Hong Kongers have always supported their own films, and the majority of these outside the Golden Harvest orbit are made by companies with such attractive names as Film Workshop (run by director Tsui Hark), Impact Films, Win's Movie, Golden Princess, Grand Well and D&B Films. Many come and go. Comedy is a mix of the verbal and physical, action subjects are divided into crime and historical dramas, always with comic pieces. The craze of the past couple of years has been period costume martial arts pictures such as the Once Upon A Time in China series, the fourth recently produced by Tsui Hark.

Hong Kong films of all kinds are sold all over Asia and dominate the box-offices. Anywhere in Asia, other than India and Pakistan, HK films are the most popular. In Japan Jackie Chan is a huge star. It's amazing when you think of it; Hong Kong is the Hollywood of the Far East. But what will happen when Great Britain returns the colony to China in 1997 no one knows.

Many filmmakers and actors have already received Canadian passports and have set up companies in British Columbia. They have made the minimum investment required by our government, $250,000, made a film, established residence, and returned to HK to go on working until 1997.

But for the present, over twenty critically and publicly acclaimed Asian films are now playing in North America to non-Asian audiences in specialised cinemas. If you speak Mandarin or Cantonese of course, there are hundreds more to be found in the video shops of every Chinatown!

Author Information

Gerald PRATLEY, OC, LLD, started his career as film critic with the CBC. In 1969, he founded the Ontario Film Institute which he directed until 1990. He has written several books and numerous articles on film, including Torn Sprockets, a history of Canadian cinema. He taught Film History in universities in Toronto and Waterloo, Canada and holds three honorary degrees from Canadian and US universities. 

Gerald A. Pratley (1923-2011) was born and educated in London, England, and came to Canada in 1946. He started working in Toronto for the CBC as a scriptwriter. He was drawn toward working in motion pictures, and became, in 1948, the CBC's first film critic and commentator.

Gerald Pratley broadcast three programmes a week, Pratley at the Movies, The Movie Scene, Music From the Films, and others, until 1975. During this time he also became the first post-war chairman of the Toronto Film Society, chairman of the Toronto and District Film Council and co-founder of the A-G-E Film Society and correspondent for international magazines such as Films and Filming, Film In Review, Variety, Hollywood Quarterly and International Film Guide. During the 1950s he wrote for Canadian Film Weekly and Canadian Film Digest.

He became known as a speaker on all aspects of motion picture art and industry, and was invited to teach film history at the University of Toronto, York University, University of Waterloo, Seneca College and Ryerson Polytechnical University, with individual lectures being given at many other Canadian and US universities and colleges. He has served as a member of various judging panels of competitions and festivals, being one of the members of the first Canadian Film Awards in 1949.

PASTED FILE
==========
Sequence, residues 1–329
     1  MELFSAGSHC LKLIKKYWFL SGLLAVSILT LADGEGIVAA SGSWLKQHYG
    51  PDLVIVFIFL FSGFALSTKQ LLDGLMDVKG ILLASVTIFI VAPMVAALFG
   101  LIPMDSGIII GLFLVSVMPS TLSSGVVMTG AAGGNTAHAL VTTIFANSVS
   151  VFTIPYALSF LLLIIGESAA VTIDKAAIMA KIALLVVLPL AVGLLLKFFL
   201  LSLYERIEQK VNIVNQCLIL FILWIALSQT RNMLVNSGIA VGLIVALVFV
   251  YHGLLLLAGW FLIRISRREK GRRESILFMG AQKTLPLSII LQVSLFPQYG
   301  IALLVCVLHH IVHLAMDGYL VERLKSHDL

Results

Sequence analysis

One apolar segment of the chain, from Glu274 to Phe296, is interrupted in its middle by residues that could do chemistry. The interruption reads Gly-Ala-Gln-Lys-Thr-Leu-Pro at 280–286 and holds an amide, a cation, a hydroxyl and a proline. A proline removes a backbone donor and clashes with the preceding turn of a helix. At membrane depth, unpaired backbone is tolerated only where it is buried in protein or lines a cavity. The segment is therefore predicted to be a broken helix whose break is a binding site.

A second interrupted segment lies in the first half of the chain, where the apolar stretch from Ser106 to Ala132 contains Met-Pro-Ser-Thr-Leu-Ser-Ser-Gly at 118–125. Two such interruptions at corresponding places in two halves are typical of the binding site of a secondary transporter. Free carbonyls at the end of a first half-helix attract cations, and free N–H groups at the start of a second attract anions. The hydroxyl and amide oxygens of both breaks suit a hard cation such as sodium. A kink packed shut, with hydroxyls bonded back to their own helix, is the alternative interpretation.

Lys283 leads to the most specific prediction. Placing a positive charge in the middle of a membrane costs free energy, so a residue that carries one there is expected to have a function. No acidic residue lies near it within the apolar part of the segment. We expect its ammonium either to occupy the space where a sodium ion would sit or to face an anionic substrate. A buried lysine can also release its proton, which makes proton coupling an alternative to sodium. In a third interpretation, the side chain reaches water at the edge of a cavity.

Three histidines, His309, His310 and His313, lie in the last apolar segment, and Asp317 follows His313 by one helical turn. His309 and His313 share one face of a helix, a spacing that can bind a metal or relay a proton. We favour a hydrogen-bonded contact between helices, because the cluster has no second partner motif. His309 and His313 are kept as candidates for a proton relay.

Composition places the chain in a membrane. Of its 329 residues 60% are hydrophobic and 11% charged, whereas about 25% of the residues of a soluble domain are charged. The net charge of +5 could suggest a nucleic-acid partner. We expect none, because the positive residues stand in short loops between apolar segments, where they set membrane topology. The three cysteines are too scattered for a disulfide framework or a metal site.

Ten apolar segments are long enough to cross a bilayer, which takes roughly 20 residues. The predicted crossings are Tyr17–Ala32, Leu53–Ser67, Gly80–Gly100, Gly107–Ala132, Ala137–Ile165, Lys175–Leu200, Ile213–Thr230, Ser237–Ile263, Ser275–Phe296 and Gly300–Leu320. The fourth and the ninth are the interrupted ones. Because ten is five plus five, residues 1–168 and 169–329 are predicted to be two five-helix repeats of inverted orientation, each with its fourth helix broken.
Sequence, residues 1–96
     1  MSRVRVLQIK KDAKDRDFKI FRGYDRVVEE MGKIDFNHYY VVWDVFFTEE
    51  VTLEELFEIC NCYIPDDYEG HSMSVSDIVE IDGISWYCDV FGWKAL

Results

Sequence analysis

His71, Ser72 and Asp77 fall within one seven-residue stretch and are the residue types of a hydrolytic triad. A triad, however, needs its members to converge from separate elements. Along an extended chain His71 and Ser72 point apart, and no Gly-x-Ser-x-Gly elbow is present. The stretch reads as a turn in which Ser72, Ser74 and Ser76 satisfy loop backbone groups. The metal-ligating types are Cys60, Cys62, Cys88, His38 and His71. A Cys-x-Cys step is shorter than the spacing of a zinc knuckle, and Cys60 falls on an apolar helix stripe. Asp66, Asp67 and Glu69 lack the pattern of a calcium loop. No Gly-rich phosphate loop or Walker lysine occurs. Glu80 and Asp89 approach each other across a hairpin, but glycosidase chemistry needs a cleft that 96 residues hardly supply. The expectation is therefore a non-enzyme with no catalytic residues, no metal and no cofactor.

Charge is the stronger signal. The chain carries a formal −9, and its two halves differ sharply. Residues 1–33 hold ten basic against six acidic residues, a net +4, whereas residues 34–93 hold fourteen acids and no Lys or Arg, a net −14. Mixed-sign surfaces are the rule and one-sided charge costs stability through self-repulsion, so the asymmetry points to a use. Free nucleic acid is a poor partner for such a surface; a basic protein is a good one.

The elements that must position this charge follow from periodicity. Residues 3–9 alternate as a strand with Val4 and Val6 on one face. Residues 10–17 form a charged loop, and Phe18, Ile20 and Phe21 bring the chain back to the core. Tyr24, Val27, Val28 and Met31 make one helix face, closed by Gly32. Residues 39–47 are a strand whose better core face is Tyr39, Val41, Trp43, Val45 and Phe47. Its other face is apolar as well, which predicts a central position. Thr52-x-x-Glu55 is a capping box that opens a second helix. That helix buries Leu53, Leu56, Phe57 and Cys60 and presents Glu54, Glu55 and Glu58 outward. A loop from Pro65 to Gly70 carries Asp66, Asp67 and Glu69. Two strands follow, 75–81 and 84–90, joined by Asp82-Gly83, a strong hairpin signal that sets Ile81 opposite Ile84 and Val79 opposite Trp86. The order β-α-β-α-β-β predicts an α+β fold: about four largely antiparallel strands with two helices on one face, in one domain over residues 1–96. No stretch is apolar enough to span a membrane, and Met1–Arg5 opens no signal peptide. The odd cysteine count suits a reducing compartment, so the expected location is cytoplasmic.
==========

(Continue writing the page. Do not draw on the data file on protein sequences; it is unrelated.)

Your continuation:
From 1970 to 1975 he was the director of the Stratford (Ontario) International Film Festival, and from 1969 to 1976 he was Chairman of the International Jury of the Canadian Film Awards. He has attended all the world's leading festivals of film, and in particular, for 30 years, the Cannes Festival as CBC correspondent. He has written six books, The Films of Frankenheimer: Forty Years in Film; The Cinema of John Frankenheimer; The Cinema of Otto Preminger; The Cinema of David Lean; The Cinema of John Huston, and Torn Sprockets, a history of the Canadian cinema.

Gerald Pratley has served on the Advisory Boards of the film departments of Ryerson Polytechnical University and Humber College, and as a member of the programme committee of TV Ontario. In 1968 he became the founder-director of the Ontario Film Institute of the Province of Ontario, an organization which has distinguished itself in archival holdings and public service and is known since 1990 as the Cinematheque of Ontario. He taught Film History courses at the Department of Film and Photography, Ryerson Polytechnic University, Toronto and the University of Waterloo.

In 1984, Gerald Pratley was made a Member of the Order of Canada and in 2003 Officer of the Order of Canada for his service to Canada through film appreciation. He holds Honorary Degrees in Letters and Fine Arts from York and Waterloo Universities (Ont., Canada) and Bowling Green State University (Ohio, USA).

In 2002, Gerald Pratley received a Special Genie Award from the Academy of Canadian Cinema & Television in recognition of his lifelong dedication to the promotion and his exceptional support of Canadian cinema.

He died on 14 March 2011 in Ontario, Canada.